Clambering up the rickety, unlit wooden staircase, I crouched to enter the room, even though I am not a tall person. Seated on a low throne in a bare room sat an even smaller figure, a seven-year-old girl dressed in dazzling red and gold robes, her black hair slicked back into a knot and her eyes heavily made up with extended wings. A middle-aged man knelt on the floor in front of her, prostrated himself a couple of times and crouched forward to be blessed with a daub of vermilion and rice to the forehead.
I had lived in the Patan neighbourhood of Kathmandu for almost a year, but had walked right past the unprepossessing Kumari Chen many times without realising who–or what–was secreted away inside. The house of the living goddess of Patan–one of three virgin incarnations of the Buddhist goddess Taleju–is less magnificent than many of the nearby temples dedicated to non-tangible deities. But inside lives this small girl with an unblemished body, pretty face and 30 other prerequisite attributes required to be recognised as the living goddess.
On seeing the throng of foreigners enter her chambers, she did not chirp ‘namaste’ the way seven-year-old Nepali children commonly do at the sight of a bideshi. But this was not a child; or at least, this was not just a child. The Kumari is possessed by the goddess Taleju until she first menstruates. Then, she becomes a normal human girl once again.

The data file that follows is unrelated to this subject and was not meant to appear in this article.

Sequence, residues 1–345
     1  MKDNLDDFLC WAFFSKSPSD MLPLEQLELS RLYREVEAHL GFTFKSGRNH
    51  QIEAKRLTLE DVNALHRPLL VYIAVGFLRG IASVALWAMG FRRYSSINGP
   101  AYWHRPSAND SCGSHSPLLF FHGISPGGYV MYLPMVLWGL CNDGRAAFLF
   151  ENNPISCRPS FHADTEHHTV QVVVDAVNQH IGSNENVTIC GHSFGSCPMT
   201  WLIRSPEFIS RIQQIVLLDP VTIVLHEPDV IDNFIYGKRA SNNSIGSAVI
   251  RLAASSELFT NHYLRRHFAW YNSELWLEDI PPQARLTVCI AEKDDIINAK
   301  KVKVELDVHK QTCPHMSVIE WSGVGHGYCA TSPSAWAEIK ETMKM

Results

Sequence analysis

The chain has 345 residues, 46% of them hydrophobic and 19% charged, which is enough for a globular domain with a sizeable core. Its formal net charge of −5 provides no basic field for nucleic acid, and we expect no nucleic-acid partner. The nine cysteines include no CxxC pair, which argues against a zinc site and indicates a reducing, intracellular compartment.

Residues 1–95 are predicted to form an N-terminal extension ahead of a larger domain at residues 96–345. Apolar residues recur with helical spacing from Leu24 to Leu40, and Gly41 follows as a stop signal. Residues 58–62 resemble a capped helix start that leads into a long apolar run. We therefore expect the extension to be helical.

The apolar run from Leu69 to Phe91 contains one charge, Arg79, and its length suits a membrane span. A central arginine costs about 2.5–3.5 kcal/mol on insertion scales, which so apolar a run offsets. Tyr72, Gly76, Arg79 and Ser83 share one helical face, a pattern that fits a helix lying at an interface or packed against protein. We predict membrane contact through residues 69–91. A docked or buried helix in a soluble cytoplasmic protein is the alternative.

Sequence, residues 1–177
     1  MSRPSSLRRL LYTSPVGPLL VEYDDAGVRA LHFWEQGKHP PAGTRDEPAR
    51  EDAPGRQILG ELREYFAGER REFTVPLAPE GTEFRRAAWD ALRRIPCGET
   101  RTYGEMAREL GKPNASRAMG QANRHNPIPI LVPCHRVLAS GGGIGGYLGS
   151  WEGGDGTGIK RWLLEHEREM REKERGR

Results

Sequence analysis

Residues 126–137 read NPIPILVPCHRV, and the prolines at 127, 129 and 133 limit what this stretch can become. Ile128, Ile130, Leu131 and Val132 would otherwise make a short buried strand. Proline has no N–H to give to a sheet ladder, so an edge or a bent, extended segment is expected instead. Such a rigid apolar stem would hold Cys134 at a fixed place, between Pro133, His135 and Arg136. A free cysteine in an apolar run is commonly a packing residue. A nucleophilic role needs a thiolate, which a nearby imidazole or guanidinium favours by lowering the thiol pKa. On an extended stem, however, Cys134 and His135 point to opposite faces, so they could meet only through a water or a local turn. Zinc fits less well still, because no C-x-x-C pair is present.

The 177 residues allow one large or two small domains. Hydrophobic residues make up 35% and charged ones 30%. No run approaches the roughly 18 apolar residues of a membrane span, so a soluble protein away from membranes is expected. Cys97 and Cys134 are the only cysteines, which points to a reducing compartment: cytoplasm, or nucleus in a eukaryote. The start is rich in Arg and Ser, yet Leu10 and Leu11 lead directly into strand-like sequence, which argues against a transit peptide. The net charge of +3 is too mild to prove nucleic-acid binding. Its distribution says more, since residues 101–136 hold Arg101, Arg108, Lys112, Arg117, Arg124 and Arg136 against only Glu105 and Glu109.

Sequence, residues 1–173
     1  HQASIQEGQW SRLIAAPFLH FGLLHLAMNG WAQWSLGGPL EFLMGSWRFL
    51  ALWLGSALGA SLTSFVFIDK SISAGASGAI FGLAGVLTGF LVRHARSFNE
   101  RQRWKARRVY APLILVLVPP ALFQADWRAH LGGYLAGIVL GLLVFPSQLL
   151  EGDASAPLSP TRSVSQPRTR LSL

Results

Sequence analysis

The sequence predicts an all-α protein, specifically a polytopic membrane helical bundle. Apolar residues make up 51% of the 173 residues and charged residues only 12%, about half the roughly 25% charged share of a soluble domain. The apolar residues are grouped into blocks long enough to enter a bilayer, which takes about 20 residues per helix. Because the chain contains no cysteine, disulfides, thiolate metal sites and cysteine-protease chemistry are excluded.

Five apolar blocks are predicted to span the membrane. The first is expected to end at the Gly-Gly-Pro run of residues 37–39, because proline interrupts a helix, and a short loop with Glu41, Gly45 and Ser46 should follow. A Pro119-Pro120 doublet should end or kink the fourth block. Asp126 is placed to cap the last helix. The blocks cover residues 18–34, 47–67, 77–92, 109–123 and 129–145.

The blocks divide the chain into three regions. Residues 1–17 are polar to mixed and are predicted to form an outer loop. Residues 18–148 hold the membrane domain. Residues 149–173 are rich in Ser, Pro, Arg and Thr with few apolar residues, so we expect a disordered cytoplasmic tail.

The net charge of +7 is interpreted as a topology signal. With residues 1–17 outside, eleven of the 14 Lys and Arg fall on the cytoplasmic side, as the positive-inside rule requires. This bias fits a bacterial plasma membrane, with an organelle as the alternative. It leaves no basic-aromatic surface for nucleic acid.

Traditionally, however, ex-Kumaris could not have lived a normal life. Having been isolated from their peers for their entire childhood, they often found it difficult to socialise or be educated alongside others of the same age. It was also considered bad luck to marry an ex-Kumari, as the remnants of the powers of the goddess linger. She was considered too powerful for an ordinary human man, and it was said that the fate of any man who married an ex-Kumari would not be good. But times have changed, says Jitendra, our young Nepali guide, with a twinkle in his eye. Nowadays, Nepali men like strong women.
(This article originally appeared in Sonderers Magazine, which has now gone out of print).
(Photo credit: Christophe Noel)